I very much enjoy the Sword, Spells & Stealth series (the series title - in my head I call it the NPCs series). ::P:

 

I am also passing fond of his Fred, the Vampire Accountant series.

 

***

 

I am getting heartily sick of the Harem Fantasy that is so damned prevalent on Kindle Unlimited. I picked up a book, based entirely on the title - An Orc at College.

 

I even suspect that I could have enjoyed it, but then it turned into Happy, Happy Harem and I lost all interest.

 

I suspect that the sub-genre has a small but loyal core following so that Harem Fantasy will always sell enough to make a profit, but will never grow beyond that loyal core. <_<

 

I blame Orc Roadtrip for my picking up Orc at College - I was hoping for something similar, I guess. (I enjoyed Orc Roadtrip - and am waiting for the sequel. Orc at College... was not it.)

 

The Auld Grump

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I like the Sword, Spells, & Stealth stuff for the simple fun of it. I really liked the set-up of the first, flipping character roles. Gabrielle makes me rather gleeful. I'm on the 3rd book now. Glad to hear the vampire accountant series is entertaining too. My reading lately has consisted of that sort of basic brain candy book, and reviewing D&D 3.5 books to dig up.... stuff.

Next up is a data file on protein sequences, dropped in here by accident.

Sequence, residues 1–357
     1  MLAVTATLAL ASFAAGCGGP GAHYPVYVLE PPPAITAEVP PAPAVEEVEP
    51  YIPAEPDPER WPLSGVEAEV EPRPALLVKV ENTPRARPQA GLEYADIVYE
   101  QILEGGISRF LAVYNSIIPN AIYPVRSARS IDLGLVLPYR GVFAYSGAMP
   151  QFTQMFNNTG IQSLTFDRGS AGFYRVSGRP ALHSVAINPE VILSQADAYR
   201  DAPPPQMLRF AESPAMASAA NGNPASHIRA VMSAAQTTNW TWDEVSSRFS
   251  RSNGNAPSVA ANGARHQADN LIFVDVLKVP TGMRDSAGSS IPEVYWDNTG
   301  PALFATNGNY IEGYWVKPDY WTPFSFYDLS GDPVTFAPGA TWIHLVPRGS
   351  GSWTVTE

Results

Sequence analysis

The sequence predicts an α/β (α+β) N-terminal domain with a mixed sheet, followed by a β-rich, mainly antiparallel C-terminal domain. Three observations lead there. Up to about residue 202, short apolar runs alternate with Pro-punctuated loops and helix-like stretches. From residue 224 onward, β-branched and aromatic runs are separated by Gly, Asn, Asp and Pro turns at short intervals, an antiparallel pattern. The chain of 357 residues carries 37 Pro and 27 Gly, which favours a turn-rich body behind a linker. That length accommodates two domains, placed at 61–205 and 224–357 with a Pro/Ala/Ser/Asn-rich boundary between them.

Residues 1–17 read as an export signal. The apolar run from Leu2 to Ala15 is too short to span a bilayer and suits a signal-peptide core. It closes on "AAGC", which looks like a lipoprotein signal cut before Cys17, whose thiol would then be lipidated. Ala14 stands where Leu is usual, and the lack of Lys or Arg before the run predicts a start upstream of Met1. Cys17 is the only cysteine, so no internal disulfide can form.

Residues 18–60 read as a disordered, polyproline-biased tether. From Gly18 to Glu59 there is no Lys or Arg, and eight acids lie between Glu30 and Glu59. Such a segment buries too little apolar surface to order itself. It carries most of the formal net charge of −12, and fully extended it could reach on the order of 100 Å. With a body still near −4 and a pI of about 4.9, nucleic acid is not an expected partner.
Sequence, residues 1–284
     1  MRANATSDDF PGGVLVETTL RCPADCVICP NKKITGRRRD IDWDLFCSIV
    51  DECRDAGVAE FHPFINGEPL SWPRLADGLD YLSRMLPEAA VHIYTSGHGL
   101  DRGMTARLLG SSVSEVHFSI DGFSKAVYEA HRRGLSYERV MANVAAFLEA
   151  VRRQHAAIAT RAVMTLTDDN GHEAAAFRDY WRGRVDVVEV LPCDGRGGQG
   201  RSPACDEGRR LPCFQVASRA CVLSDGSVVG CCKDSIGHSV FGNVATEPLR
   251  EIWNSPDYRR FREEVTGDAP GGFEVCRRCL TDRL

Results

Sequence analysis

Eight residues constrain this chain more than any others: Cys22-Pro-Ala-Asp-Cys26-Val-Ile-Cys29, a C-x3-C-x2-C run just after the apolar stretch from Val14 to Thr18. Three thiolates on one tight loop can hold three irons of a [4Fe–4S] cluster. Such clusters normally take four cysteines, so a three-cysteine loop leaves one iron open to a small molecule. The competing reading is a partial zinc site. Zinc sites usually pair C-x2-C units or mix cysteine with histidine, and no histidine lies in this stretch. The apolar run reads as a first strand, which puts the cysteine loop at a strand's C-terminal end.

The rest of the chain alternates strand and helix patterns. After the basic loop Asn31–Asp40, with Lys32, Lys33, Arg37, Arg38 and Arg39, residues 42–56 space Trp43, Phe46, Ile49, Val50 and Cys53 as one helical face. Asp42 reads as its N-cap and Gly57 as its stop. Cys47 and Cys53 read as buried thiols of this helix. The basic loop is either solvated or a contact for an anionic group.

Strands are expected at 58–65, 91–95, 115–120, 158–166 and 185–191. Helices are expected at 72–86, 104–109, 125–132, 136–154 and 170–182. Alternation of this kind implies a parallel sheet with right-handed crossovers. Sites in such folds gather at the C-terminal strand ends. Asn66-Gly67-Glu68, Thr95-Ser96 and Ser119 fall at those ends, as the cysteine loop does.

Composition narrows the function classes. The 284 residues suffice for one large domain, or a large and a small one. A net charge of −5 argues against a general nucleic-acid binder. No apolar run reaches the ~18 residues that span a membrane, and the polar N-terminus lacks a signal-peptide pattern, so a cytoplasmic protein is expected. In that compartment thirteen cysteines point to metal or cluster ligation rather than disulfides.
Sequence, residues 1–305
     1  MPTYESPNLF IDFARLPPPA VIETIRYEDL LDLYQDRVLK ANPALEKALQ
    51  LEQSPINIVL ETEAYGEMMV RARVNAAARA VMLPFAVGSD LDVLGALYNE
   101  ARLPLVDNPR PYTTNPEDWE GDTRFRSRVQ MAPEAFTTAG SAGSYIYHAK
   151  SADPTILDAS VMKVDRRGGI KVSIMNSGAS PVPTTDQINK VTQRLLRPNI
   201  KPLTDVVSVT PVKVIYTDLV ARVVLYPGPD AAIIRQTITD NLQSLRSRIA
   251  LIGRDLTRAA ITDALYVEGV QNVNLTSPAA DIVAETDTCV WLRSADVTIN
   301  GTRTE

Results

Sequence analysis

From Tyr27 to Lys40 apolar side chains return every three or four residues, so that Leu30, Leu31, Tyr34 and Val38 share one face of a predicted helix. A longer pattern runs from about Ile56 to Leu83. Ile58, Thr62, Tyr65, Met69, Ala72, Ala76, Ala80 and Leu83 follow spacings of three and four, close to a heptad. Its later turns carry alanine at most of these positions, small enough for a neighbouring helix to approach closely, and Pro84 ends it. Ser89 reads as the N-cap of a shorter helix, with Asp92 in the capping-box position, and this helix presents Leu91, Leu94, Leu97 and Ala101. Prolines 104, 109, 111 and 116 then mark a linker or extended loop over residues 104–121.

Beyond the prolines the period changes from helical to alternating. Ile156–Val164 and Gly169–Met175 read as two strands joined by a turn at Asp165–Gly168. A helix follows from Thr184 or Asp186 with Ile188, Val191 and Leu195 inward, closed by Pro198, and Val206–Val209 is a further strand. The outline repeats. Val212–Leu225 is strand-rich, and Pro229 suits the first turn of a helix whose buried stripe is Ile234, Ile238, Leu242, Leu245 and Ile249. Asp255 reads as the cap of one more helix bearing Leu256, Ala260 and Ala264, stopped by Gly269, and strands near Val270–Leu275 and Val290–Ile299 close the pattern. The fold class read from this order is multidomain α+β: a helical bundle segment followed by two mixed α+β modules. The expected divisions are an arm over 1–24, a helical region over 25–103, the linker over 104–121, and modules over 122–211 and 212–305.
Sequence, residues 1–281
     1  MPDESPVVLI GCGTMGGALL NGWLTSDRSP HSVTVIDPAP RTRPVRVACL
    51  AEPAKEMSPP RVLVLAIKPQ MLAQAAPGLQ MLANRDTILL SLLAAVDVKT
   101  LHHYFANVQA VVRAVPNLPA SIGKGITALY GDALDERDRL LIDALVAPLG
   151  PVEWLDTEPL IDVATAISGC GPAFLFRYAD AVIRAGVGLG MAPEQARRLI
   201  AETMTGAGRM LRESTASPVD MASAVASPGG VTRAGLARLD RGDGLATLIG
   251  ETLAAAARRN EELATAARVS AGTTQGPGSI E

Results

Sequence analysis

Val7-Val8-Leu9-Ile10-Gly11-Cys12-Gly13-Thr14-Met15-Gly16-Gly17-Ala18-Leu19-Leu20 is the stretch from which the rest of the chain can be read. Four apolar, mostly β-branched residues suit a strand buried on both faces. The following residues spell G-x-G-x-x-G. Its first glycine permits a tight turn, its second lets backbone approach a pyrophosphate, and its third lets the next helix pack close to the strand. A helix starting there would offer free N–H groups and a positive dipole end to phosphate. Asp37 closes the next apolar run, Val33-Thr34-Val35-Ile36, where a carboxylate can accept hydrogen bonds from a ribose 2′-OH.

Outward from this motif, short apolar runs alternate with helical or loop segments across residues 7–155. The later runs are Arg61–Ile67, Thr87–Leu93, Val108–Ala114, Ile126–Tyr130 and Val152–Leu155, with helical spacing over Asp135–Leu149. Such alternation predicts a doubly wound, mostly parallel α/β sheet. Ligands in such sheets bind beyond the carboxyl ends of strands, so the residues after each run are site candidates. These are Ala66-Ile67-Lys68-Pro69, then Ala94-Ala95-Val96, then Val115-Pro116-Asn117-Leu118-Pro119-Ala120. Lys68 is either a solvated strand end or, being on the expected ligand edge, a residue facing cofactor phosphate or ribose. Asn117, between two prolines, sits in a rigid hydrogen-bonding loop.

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1 hour ago, PaganMegan said:

Trying to read Focault's Pendulum.

 

Grump loved the book, but I am finding it excruciatingly dull and convoluted.

 

OK, perhaps try "The Name of the Rose" instead?

 

Probably "Gödel, Escher and Bach" can stay off your reading pile.

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4 minutes ago, paintybeard said:

 

OK, perhaps try "The Name of the Rose" instead?

 

Probably "Gödel, Escher and Bach" can stay off your reading pile.

 

Gödel, Escher, Bach was provocative, (and I thought well written) but throughout the book it seemed to me that Hofstadter was trying to use proofs about the map to prove things about the terrain.

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On 8/18/2019 at 7:33 AM, PaganMegan said:

Trying to read Focault's Pendulum.

 

Grump loved the book, but I am finding it excruciatingly dull and convoluted.

 

I loved that book as well when I read it in college, but I was also in a Rosicrucian literature class, so I had lots of context and such to make it a bit less congratulated perhaps.

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1 hour ago, skippen said:

 

I loved that book as well when I read it in college, but I was also in a Rosicrucian literature class, so I had lots of context and such to make it a bit less congratulated perhaps.

In the eighties I was living with a Rosicrucian. It likely built up my own wellspring of context. ::D:

 

The Auld Grump, I did try to warn her about the convolution, but she had enjoyed Holy Blood, Holy Grail. *EDIT* Which lead to Dan Brown...<_<

Edited by TheAuldGrump